>> leaking hundreds of megabytes a minute, all traceable back to the  
>> wrappers field on org.apache.abdera.factory.ExtensionFactoryMap.   
>> This field is a map from elements to their wrappers, if any.  At  
>> first, I was puzzled by the memory leak, as the field is  
>> initialized thusly:
>> this.wrappers = Collections.synchronizedMap( new  
>> WeakHashMap<Element,Element>());
>> clearly, the implementor took care to make sure that this cache  
>> would not leak by making it a WeakHashMap, which generally  
>> guarantees that the map itself will not keep a key and its  
>> corresponding entry from being garbage collected.  I dug throughout  
>> our application code to find if we were actually holding other  
>> references to these objects, and I googled for anyone having  
>> problems with esoteric interactions between  
>> Collections.synchronizedMap and WeakHashMaps - found nothing  
>> there.  Then I went back to square one and re-read the WeakHashMap  
>> javadoc very carefully.  Here's the relevant section:
>> Implementation note: The value objects in a WeakHashMap are held by  
>> ordinary strong references. Thus care should be taken to ensure  
>> that value objects do not strongly refer to their own keys, either  
>> directly or indirectly, since that will prevent the keys from being  
>> discarded. Note that a value object may refer indirectly to its key  
>> via the WeakHashMap itself; that is, a value object may strongly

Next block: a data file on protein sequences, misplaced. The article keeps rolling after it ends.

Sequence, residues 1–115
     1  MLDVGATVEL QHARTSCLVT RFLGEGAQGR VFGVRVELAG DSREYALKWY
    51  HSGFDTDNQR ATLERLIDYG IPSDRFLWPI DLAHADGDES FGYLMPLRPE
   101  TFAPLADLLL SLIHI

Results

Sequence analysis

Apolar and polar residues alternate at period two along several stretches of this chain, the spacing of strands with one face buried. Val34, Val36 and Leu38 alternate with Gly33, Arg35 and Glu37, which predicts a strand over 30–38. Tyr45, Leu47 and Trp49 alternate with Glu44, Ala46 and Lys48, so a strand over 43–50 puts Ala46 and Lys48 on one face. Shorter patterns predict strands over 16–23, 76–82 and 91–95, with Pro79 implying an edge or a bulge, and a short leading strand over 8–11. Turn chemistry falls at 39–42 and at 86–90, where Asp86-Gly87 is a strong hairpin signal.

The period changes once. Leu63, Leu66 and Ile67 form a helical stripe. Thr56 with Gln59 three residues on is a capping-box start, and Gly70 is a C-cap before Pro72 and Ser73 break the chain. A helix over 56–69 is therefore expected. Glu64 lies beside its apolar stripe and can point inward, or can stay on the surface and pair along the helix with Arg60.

>> refer to some other key object whose associated value object, in  
>> turn, strongly refers to the key of the first value object. One way  
>> to deal with this is to wrap values themselves within  
>> WeakReferences before inserting, as in: m.put(key, new  
>> WeakReference(value)), and then unwrapping upon each get.
>> This is why there is a memory leak - the map is a mapping from  
>> elements to their wrappers - by the very nature of the object being  
>> a wrapper of the element, it will usually have a strong reference  
>> to the element itself, which is the key! You can verify that Abdera  
>> wrappers, in general, will do this by looking at  
>> org.apache.abdera.model.ElementWrapper, which takes the element  
>> being wrapped as its constructor argument, and holds a strong  
>> reference to it as an instance variable.
>> This map is an optimization to memoize the calls to  
>> getElementWrapper() and not reconstruct them more than is necessary  
>> - it is not needed for abdera to function properly, so we have  
>> temporarily worked around the problem in our own application like  
>> so - we used to acquire our FOMFactory by calling  
>> abdera.getFactory() on our org.apache.abdera.Abdera instance, and  
>> re-using that singleton throughout our application.  Now we